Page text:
Firstly, the Government uses an artificial discount rate to report unfunded liabilities, based on AA-rated corporate bonds, rather than a more pertinent discount rate based on index-linked gilts (inflation-linked securities issued by the Government to finance its borrowing). Since the Government’s chosen discount rate is higher, it has the effect of lowering the value of the outstanding liabilities. Secondly, public sector employers and employees are not charged the full current service costs of the liabilities the pension schemes are taking on each year: a completely different discount rate chosen by the Government is used to compute these. This also means that employees undervalue the benefit of a public sector pension. According to government numbers, the main unfunded schemes have combined employee and employer contribution rates of around 20 per cent of salary. The true value of such schemes, when measured using a discount rate based on the current yields (0.8 per cent) on index-linked gilts, is over 40 per cent of salary. Even when measured by discounting according to a long-term real gilt return of 2 per cent in line with economic growth at that level, the true value comes out at almost 30 per cent of salary.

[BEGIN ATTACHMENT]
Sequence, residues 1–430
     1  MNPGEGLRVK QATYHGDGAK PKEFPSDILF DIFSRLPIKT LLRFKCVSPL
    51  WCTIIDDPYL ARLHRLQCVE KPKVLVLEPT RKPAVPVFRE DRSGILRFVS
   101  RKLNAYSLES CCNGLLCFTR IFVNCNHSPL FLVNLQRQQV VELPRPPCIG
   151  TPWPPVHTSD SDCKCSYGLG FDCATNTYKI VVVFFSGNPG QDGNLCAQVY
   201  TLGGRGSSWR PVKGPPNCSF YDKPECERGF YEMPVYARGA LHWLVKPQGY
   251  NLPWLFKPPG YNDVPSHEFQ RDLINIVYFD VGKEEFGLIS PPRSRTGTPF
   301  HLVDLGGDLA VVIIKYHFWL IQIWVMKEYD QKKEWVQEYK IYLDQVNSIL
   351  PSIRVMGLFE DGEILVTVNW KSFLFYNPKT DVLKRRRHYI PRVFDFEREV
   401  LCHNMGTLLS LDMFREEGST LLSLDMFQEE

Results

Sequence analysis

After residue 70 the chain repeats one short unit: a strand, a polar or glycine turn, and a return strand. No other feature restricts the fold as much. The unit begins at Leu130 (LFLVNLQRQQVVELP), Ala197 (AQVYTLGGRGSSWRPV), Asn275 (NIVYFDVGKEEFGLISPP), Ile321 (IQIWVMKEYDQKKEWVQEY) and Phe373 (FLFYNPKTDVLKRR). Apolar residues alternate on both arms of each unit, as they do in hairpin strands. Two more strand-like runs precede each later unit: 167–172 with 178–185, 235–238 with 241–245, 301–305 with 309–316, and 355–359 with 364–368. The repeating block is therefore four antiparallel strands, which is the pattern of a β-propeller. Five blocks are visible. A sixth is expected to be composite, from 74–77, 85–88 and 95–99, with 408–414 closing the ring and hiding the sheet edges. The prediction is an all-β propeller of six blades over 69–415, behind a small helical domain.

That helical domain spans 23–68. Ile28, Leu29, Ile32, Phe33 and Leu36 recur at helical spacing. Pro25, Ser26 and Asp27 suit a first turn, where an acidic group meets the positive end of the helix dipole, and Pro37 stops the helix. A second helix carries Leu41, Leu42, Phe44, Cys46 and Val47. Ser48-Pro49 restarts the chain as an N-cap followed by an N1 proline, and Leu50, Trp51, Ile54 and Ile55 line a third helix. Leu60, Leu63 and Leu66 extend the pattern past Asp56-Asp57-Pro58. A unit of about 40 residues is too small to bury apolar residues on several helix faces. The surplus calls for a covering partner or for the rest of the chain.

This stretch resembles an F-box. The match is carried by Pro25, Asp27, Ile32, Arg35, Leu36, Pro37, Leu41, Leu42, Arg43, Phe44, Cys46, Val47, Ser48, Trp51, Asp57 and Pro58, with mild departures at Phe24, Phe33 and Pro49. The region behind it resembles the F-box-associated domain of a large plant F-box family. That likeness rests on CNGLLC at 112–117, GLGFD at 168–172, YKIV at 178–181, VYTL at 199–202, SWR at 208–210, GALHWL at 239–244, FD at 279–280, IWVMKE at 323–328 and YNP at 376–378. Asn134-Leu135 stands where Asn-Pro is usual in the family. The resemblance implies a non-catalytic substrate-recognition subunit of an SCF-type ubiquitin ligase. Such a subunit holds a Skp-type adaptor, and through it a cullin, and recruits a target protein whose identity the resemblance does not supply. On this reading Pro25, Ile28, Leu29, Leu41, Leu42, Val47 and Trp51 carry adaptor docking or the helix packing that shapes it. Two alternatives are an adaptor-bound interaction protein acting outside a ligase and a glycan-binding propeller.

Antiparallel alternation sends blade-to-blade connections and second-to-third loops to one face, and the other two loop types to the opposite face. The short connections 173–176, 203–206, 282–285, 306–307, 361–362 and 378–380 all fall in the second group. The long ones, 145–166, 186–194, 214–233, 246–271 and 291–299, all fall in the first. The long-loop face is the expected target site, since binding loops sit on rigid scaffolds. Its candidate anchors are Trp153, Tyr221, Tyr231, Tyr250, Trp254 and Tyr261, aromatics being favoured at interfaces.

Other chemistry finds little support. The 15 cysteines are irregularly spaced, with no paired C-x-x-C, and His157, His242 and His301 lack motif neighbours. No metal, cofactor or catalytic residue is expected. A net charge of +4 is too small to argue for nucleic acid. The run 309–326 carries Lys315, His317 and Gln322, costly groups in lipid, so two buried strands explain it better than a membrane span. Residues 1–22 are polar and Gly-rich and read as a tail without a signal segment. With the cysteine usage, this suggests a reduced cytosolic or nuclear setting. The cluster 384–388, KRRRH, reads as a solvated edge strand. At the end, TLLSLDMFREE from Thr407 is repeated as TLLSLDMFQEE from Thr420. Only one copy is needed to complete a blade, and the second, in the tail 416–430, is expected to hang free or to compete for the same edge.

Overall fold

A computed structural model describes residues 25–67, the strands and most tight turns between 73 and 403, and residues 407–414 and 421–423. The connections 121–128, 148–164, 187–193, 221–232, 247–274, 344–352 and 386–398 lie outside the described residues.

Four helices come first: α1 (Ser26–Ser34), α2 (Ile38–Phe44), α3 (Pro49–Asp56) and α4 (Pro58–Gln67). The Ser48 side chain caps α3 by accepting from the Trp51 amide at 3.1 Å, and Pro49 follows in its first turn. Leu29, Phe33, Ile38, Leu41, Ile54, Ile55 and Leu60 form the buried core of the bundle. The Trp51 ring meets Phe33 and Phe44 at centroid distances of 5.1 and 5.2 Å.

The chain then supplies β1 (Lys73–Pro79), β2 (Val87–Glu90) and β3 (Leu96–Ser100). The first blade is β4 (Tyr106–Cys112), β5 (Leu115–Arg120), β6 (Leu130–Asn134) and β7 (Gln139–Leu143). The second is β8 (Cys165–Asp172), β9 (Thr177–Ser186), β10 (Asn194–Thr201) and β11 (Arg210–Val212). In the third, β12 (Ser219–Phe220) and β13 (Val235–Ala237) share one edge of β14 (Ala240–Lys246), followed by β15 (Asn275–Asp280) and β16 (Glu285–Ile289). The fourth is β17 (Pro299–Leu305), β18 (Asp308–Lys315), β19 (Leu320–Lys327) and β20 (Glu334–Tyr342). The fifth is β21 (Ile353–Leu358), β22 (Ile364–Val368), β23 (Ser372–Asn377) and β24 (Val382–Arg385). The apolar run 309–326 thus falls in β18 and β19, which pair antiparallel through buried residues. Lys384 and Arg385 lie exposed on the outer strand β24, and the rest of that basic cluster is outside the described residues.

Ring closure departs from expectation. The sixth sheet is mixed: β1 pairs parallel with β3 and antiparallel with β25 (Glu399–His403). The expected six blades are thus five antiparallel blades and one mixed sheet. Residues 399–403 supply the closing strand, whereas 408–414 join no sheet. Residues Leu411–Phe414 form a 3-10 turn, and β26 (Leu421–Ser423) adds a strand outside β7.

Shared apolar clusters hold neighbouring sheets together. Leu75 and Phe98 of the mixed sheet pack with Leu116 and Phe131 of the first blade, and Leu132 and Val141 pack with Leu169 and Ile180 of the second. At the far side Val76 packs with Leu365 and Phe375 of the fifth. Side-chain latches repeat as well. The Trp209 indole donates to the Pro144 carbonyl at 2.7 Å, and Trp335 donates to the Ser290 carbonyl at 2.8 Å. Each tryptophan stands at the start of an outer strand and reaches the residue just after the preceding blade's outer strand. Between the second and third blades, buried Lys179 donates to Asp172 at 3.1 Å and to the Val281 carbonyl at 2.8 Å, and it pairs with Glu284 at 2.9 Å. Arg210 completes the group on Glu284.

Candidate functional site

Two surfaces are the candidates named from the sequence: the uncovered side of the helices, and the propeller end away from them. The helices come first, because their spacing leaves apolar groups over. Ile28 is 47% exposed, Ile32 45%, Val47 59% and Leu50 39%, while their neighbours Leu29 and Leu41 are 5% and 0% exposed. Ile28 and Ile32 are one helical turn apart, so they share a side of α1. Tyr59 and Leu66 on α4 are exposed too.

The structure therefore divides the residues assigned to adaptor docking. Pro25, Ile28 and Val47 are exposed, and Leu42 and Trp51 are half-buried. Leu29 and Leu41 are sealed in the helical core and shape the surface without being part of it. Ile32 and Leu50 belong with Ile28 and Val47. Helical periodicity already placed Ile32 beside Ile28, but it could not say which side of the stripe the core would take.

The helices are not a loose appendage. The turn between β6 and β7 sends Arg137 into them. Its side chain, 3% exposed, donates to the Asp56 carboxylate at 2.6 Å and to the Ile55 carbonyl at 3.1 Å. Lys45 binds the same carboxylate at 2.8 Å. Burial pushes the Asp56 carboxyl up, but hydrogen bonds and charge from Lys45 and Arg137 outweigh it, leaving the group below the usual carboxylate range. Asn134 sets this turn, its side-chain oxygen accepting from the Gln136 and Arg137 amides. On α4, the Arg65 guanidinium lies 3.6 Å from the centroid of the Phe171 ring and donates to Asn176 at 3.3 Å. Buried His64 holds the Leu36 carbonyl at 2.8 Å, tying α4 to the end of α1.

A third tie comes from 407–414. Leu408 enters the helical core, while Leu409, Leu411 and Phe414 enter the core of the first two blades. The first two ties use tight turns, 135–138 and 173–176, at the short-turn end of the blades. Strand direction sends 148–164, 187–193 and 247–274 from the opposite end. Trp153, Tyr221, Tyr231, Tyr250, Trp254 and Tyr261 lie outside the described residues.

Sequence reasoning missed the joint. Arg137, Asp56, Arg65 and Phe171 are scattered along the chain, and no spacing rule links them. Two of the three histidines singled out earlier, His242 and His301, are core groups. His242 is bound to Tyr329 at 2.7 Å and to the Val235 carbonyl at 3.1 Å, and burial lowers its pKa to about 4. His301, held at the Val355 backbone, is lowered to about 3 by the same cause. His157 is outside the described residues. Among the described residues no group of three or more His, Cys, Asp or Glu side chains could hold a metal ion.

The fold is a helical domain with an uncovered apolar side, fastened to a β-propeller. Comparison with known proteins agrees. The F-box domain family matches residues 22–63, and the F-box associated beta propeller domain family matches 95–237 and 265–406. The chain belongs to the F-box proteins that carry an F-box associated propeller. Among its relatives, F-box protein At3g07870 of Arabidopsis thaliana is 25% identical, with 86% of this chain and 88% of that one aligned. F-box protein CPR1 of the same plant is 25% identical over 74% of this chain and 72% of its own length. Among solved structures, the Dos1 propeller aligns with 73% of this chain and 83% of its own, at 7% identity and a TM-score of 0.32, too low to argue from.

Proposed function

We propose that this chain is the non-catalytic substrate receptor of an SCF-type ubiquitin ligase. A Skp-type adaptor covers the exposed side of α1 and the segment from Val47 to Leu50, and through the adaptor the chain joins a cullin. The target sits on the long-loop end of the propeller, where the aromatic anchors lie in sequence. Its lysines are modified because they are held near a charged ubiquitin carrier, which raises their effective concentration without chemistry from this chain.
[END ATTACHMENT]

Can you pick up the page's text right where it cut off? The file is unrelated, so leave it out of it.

It is perfectly possible to justify the government’s methodology as the Chief Actuary does here.
What particularly annoys the right is that two different discount rates are used in calculating the costs of future liabilities today and the calculations used to work out contributions.
But the real world is full of different interest rates for different purposes. There is no reason why they should be the same in each of these two very different calculations. The question is whether each can be justified.
Let’s first deal with the SCAPE rate. The whole debate about public sector pensions is full of comparisons with the private sector except here. 3.5 per cent growth in investments each year is a perfectly reasonable investment return assumption to make over time. The Standard Life pensions calculator here assumes 7 per cent growth (less 1 per cent charges). Arguably 3.5 per cent is too low, but then 7 per cent is arguably too high.
Most of the big scary numbers though flow from the other discount rate – the one used to express tomorrow’s liabilities today.
The problem with this is that it is being used to calculate a fairly meaningless number. The government does not have to put aside this money to pay for future pensions liabilities. This is not how the pensions system works. What it has to work out is whether it can afford each year to make not just the pensions promises it has already built up (which is what the liability figure tries to catch) but also the pensions promises that will be built up in the future too. In other words it should want to know whether in 2025 it can meet not just the pensions promises already built up by current staff who will have retired and today’s pensioners who are still alive then, but also pensions built up by current and future staff who will have retired by 2025.